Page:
Swift Parrots, Speckled Warblers........

Subject: Swift Parrots, Speckled Warblers........
Date: Mon, 26 Mar 2001 10:02:47 +1100

G,day birders,

Well, its that time of the year again, when the box-ironbark woodlands go
through their summer-winter transition, heralded yesterday morning by the sounds
of Swift Parrots.  I saw 10 feeding in Red Ironbark in the Sedgwick State
Forest, 10 mins. south-east of Bendigo, central Vic.  I have seen Swift Parrots
at this site for several years now, and it is no doubt a regular over-wintering

Now is about the 'usual' time to expect Swift Parrots returning from their
Tasmanian breeding grounds, although I may have expected them a little earlier
considering the amount of Grey Box blossom throughout much of central Victoria
at the moment.  There are still no White-naped and Yellow-faced Honeyeaters in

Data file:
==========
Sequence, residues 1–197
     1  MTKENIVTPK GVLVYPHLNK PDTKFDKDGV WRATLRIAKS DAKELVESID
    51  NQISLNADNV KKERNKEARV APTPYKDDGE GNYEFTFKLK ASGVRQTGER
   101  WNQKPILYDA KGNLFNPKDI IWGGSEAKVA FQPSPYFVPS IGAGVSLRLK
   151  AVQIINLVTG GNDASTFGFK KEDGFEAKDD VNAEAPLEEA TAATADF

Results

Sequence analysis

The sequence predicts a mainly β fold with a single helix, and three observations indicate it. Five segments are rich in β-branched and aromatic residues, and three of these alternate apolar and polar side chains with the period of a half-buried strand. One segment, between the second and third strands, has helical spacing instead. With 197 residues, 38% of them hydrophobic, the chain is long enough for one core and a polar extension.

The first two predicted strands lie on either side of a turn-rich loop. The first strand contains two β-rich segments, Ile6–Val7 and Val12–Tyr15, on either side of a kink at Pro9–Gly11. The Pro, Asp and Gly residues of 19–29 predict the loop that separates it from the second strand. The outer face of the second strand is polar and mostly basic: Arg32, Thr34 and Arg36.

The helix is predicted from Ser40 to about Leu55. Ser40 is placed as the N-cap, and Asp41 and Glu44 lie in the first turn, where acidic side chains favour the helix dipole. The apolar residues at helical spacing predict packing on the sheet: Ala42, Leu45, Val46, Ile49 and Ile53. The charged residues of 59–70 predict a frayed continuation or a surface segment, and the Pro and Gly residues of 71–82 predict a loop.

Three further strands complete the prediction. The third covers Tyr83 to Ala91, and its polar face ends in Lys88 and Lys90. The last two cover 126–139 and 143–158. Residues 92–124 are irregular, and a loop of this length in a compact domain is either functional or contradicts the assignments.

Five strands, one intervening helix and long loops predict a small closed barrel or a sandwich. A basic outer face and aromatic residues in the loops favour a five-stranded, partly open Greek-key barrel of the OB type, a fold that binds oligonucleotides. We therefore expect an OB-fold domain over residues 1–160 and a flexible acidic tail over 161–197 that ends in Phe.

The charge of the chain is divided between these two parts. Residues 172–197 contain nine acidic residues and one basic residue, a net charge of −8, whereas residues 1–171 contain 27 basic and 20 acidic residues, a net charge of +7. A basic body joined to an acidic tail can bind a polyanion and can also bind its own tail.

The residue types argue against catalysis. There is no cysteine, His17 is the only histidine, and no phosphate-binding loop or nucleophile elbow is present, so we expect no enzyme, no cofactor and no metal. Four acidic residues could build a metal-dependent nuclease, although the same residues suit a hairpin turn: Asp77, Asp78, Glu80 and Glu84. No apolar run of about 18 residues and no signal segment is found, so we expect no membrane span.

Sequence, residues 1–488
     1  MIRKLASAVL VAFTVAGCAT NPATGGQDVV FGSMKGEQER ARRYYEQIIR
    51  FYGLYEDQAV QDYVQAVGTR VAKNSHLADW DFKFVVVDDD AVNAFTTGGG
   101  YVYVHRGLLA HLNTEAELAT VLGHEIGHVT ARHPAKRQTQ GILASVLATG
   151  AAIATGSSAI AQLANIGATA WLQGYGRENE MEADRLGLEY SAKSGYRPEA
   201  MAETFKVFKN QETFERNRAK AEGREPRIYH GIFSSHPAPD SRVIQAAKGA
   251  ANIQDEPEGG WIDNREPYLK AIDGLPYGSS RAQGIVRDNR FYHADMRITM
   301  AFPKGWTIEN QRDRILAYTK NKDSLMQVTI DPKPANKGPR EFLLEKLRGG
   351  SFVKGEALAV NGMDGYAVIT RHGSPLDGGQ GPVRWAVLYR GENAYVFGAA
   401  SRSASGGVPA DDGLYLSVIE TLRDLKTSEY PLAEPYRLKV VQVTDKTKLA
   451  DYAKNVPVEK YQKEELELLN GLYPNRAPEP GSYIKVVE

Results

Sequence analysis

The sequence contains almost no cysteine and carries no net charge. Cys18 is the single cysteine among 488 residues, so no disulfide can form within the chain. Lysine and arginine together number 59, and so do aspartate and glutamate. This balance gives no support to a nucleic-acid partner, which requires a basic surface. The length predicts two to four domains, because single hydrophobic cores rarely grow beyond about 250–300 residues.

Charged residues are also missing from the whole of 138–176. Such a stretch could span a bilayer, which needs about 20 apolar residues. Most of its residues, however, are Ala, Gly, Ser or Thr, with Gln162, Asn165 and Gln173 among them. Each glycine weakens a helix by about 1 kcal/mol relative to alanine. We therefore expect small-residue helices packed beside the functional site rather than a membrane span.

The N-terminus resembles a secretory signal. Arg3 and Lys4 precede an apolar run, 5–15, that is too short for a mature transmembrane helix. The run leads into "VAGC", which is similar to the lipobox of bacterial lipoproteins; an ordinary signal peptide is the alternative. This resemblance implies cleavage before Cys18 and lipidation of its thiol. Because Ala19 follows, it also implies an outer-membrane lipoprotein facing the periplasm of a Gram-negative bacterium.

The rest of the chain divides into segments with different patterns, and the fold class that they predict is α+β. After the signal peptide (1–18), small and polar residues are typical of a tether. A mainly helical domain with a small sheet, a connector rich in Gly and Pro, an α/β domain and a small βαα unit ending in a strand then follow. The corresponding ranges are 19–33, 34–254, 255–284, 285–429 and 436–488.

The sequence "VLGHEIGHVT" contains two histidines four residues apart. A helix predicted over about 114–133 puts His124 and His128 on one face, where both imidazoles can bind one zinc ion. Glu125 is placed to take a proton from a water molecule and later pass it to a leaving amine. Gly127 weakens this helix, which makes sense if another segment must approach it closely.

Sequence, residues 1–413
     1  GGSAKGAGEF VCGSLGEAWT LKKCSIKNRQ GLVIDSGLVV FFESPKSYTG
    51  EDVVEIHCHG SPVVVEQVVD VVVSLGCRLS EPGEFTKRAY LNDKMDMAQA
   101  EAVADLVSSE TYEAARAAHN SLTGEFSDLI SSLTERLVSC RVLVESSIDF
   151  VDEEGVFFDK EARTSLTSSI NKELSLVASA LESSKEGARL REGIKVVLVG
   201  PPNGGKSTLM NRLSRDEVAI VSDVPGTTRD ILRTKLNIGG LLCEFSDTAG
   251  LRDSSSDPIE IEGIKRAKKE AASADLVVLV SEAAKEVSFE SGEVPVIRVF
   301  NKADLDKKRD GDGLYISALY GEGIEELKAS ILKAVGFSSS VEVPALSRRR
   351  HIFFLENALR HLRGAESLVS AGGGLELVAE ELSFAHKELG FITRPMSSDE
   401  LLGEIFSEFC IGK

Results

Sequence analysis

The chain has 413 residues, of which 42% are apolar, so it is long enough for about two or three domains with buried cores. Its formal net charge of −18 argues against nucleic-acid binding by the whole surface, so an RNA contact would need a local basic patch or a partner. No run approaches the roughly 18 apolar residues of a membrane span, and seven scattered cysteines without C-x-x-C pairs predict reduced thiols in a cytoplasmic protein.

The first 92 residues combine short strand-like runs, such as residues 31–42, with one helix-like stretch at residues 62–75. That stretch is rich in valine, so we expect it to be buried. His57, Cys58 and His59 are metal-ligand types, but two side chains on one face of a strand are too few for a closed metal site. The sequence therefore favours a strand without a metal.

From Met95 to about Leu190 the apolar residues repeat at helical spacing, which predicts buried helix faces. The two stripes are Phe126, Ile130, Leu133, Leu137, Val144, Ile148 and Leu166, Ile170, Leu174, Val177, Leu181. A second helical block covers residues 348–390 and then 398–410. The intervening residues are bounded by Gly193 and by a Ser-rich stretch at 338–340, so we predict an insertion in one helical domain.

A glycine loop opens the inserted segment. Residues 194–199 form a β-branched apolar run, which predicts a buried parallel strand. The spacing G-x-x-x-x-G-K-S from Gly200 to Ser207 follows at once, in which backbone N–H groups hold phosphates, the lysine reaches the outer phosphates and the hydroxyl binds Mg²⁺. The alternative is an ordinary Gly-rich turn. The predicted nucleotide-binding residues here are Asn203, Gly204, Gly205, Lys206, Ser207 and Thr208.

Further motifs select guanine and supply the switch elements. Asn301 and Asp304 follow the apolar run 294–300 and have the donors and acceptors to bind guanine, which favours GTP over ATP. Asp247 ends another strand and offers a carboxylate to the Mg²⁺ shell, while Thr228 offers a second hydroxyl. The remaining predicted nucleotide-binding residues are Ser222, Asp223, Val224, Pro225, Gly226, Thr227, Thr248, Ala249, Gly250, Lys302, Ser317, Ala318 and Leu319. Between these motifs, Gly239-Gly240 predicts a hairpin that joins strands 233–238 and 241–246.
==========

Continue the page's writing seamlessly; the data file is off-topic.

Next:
the Bendigo forests, but Golden Whistlers have started arriving.  There are
still plenty of Rufous Whistlers ( a bit late?) hanging around.  Many areas of
forest have good numbers of the three lorikeets (Musk, Little and
Purple-crowned), and last week, two Rainbow Lorikeets were feeding in a Yellow
Gum outside my work office!  This is the second group of Rainbows tom be seen in
Bendigo in the past couple of months.  Spreading from Melbourne, or perhaps
avairy escapes (although you wouldn't expect a group of three, then a pair to
have escaped)???

Also of interest are the numbers of Speckled Warblers I have seen recently.
Last week, I was trapping for Brush-tailed Phascogales in the Kimbolton State
Forest (around Lake Eppalock, central Vic), and I came across 11 different sites
containing Speckled Warblers.  As usual, they were associated with Red
Stringybark, Red Box and Long-leaved Box 'ridgeline' woodland with grassy
understorey, and mingled with other small insectivores such as Scarlet Robin,
Buff-rumped Thornbill and Striated Thornbill.

The box-ironbark communities have been very dry over the summer, but with a
little searching, small pockets of refuge habitat contain good numbers and
diversity of birds.  Well worth a visit.


Chris Tzaros

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